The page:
Here's What You Should Do If You Lose Your COVID-19 Vaccine Card

It's currently the hottest ID you can own since you picked up your driver's license. While it may not look like much, the COVID-19 vaccination card is physical proof that you've taken your first baby steps toward getting life back on track.

The card is no different from other vaccine cards you received in the past, after all, it's still a record of all the shots you might have received, to keep you safe from all manner of illness, be it flu, chickenpox, smallpox, or measles. "These cards that you're given when you're vaccinated are important for you to keep up with because they're your personal record of what you have had and they remind you of when your next dose is due," Kelly Moore of the Immunization Action Coalition told The Washington Post

This particular vaccination card indicates where you got your vaccine, the type you got, and the dates you had it. Because of the incentives it offers, the COVID-19 card entitles you to free stuff from Krispy Kreme donuts to White Castle desserts, as well as drinks, gift cards, and savings bonds, depending on which state you live in (via CNET).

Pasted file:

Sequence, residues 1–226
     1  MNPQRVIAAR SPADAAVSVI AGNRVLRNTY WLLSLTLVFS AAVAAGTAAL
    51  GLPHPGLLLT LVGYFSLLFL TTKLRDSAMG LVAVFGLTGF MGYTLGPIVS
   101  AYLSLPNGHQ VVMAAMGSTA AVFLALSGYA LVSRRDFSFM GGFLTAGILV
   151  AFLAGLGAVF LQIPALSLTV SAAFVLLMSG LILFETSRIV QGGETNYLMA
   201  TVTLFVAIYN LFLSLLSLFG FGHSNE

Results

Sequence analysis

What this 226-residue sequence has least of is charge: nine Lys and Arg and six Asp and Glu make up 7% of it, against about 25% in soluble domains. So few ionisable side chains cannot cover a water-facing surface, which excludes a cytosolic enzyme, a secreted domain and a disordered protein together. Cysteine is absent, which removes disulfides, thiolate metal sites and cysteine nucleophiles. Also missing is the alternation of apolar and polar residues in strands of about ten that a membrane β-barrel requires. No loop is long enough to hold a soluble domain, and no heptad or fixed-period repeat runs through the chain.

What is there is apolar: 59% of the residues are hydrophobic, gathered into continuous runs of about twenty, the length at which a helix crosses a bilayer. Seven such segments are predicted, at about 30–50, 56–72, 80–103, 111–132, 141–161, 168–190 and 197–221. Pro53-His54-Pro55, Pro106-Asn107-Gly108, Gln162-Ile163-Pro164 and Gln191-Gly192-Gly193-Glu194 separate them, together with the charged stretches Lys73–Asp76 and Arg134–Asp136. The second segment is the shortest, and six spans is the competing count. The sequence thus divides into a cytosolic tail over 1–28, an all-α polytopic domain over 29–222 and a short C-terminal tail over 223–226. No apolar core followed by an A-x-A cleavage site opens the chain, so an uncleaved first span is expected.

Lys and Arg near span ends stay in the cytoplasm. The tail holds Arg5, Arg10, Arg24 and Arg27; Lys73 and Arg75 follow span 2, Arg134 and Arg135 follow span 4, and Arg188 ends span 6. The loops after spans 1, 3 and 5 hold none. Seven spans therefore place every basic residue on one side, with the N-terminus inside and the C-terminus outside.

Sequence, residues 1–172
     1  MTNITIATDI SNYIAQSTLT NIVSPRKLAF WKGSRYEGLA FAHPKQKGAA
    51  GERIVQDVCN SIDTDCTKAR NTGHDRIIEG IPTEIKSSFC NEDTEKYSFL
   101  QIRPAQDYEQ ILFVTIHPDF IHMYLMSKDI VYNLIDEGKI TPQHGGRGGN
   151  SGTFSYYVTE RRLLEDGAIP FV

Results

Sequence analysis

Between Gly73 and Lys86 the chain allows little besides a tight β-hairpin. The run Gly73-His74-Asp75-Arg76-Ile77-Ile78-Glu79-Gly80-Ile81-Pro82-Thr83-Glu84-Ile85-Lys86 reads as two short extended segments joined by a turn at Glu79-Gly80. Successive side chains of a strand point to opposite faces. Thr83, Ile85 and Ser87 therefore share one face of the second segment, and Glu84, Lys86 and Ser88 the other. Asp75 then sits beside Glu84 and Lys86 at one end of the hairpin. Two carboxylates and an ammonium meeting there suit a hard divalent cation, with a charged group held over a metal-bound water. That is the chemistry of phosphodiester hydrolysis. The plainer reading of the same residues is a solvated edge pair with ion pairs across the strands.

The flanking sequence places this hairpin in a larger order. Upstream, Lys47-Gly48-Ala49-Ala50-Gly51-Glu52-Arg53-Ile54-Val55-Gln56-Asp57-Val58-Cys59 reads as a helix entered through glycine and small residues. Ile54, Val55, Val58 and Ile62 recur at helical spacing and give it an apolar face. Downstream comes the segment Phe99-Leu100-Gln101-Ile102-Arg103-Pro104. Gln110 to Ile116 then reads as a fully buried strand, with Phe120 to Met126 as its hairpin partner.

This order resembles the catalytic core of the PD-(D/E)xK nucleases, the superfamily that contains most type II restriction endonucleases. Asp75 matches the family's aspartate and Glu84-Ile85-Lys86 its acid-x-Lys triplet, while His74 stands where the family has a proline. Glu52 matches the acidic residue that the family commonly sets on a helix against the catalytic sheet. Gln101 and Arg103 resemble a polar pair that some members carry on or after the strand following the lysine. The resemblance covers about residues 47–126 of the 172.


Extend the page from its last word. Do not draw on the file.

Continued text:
Retrieving your vaccine data isn't as difficult as it looks

And while it seems like losing your vaccination card might trigger problems and unintended consequences, dealing with a lost card might not be as challenging as it might seem. If the card went AWOL, "check back with the clinic, pharmacy, or hospital where you received the immunization, as they may have some form of record," the University of Toledo's Mohamad Moussa explained to Health.

If that doesn't help, the CDC says you can also look into the immunization information system which is administered by the health department of your state, because your information should have been added in when you first got vaccinated. "We record all of your vaccinations in your electronic medical record that has a link to the state's vaccination registry, so you can always get a backup copy of your vaccine administrations," says Kevin Colgan, chief pharmacy officer at the University of Chicago Medicine (via The Washington Post). 

Health magazine also recommends you sign up for the CDC's V-Safe program, which tracks incidents like vaccine side effects on your smartphone. Getting that done will give you a quick way to find your information when you need it.